Buying Vintage Jewelry

Everyone’s talking about vintage jewelry. To be worn to a costume party or for the ‘something old’ in a wedding or just for fashion’s sake, these are just a few of the many, many times you hear people going on and on about how awesome vintage jewelry is and how it ups the glamor quotient in a jiffy; hence, the immense popularity and rush to buy this exquisite breed of jewelry. However, it has also given rise to a lot of vintage jewelry ‘manufacturers’ who are willing to go to great extents to dupe people into buying jewelry that was made probably a couple of years ago. It has become imperative, therefore, to understand what to look for when buying vintage jewelry and how to sift the fakes from the real pieces. Buzzle guides you in this regard.

Vintage is such a loosely used term these days that the actual meaning has become ambiguous. To set the record straight, the vintage era is generally considered to be the years between 1910 – 1990. So, any piece that originated in these years can be classified as vintage. Anything before that is generally qualified to be an antique. Yes, antique and vintage are two different terms that are often mistakenly used interchangeably.

Whether you’re buying it for use or are beginning to cultivate a collection, it is of utmost importance that the pieces you purchase are authentic and of sound quality. In this section, we will explain the things you need to watch out for when you’re shopping for vintage jewelry.

As mentioned above, the years between 1910 and 1990 are considered to be the vintage era. If you’re looking for more popular pieces, it would be wise to look for something that was made between the years 1940 and 1970. This was considered the booming period for jewelry―design, pattern, and workmanship-wise.

Word to the Wise: Pieces with rhinestones in the Aurora Borealis finish (a rainbow effect inspired by the Northern Lights) didn’t appear till the 1950s, so if a seller says the piece originated before that and uses it as an excuse to quote a higher price, he’s probably lying.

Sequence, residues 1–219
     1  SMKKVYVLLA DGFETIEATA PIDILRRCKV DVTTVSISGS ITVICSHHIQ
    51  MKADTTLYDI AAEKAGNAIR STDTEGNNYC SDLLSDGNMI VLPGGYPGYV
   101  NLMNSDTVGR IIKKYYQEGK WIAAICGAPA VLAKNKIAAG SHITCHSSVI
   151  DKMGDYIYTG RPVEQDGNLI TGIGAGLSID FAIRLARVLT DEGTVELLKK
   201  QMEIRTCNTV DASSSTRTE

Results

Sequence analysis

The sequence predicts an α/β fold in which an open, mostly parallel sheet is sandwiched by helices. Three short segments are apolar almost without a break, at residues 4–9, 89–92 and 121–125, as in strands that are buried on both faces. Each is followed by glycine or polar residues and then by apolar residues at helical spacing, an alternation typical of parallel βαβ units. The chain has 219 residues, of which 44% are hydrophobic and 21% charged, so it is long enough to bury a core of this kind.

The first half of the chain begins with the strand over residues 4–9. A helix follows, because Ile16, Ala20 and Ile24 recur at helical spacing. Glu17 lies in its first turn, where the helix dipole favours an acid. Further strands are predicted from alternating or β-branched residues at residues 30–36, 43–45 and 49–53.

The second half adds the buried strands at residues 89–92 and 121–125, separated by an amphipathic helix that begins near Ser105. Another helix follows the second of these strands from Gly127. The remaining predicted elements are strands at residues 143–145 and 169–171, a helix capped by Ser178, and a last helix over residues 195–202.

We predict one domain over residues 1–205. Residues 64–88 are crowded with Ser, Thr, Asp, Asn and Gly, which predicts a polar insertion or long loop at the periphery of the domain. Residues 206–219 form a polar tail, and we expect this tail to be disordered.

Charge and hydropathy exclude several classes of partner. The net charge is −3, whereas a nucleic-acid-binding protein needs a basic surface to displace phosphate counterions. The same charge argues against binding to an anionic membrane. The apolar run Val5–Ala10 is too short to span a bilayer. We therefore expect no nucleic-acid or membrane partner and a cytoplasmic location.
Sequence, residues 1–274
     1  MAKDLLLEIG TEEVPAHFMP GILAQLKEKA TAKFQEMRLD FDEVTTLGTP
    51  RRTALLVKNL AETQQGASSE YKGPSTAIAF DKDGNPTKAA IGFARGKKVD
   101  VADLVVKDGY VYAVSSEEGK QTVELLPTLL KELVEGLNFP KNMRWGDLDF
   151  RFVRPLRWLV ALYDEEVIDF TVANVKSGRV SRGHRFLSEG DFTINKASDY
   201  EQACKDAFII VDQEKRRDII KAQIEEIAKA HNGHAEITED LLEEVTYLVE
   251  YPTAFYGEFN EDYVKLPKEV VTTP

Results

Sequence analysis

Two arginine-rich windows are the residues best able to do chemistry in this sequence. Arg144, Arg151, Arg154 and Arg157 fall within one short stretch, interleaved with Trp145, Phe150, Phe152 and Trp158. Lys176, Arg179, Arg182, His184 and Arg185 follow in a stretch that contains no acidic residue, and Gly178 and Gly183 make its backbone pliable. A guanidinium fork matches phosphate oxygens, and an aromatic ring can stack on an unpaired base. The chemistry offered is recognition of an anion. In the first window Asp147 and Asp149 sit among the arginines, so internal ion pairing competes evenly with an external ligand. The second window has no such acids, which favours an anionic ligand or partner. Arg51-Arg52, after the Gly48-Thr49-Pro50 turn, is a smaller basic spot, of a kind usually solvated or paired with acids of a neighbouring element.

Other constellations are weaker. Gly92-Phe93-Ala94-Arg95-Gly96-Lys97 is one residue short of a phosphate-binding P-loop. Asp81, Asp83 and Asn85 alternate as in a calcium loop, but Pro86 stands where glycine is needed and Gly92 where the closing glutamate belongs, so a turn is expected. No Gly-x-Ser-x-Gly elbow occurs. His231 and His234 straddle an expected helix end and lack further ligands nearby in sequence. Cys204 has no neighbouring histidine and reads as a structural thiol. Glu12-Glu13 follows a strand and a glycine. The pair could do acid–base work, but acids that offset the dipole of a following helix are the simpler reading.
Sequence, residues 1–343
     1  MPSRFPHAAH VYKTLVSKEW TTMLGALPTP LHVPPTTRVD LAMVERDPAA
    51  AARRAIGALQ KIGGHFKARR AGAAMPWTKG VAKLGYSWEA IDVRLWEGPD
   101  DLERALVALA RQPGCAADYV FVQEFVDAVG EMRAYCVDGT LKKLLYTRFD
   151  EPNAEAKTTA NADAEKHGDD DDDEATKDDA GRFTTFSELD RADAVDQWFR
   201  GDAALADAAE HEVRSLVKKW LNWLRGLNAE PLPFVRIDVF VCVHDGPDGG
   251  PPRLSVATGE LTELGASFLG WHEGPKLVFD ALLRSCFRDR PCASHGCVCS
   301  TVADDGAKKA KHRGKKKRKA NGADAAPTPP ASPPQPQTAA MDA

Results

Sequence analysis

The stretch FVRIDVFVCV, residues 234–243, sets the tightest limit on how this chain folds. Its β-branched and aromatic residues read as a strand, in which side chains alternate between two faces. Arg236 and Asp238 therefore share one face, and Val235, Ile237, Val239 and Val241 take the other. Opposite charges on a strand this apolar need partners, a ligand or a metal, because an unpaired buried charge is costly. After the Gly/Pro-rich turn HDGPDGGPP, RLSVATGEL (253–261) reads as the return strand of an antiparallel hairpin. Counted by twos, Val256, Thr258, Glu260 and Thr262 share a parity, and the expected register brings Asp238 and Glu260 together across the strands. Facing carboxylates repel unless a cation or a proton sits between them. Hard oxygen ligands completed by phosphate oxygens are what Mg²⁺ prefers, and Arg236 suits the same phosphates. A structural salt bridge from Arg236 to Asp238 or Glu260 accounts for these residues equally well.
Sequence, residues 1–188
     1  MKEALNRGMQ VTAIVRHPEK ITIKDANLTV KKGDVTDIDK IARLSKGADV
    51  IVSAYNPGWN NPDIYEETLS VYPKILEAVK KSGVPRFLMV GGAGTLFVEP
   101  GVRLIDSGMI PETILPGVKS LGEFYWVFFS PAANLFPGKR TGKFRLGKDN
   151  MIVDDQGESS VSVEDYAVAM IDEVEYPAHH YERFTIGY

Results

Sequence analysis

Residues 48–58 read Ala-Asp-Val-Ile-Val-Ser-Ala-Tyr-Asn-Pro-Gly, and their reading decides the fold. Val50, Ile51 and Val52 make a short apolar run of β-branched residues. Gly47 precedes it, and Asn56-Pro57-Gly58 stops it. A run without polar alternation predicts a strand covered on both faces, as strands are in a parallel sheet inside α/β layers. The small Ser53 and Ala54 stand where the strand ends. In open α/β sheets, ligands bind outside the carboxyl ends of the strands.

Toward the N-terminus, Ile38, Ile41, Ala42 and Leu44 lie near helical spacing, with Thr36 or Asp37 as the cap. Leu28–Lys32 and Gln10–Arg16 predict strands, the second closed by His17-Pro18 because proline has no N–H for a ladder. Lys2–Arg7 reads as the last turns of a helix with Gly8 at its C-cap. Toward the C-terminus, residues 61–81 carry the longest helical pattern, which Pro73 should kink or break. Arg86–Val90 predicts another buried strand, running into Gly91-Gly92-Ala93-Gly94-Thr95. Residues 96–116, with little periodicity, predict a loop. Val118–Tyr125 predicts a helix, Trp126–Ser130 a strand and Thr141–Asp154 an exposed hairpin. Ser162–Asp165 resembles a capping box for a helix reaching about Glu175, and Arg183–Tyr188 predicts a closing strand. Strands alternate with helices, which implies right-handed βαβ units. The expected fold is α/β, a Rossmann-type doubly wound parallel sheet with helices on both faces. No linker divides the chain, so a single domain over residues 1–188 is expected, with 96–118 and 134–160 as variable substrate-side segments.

Know where it comes from
Provenience is the term used to define the traceability of a piece of jewelry. It consists of details about the piece’s origin, history, background, and the previous owners of the piece. While all of this may not always be traceable, an authentic piece worth its price will have at least some verifiable heritage.

Word to the Wise: The seller can claim that he does not have any written record of the piece. You can always ask him how he came upon the piece and ask for contact details to verify for yourself if the piece is worth it.

What we’re trying to say is that just because a piece is vintage, a seller may try to sell a damaged piece for a huge sum. This is when you have to make a judgment call. How bad does the piece look? If it has, say, a lot of stones missing, rethink your decision to buy it. Some sellers might try to sell a piece that has been badly repaired. For instance, stones and beads might have been glued back into the setting. This is one of the worst ways to deface vintage jewelry and speaks a lot about the knowledge of the seller.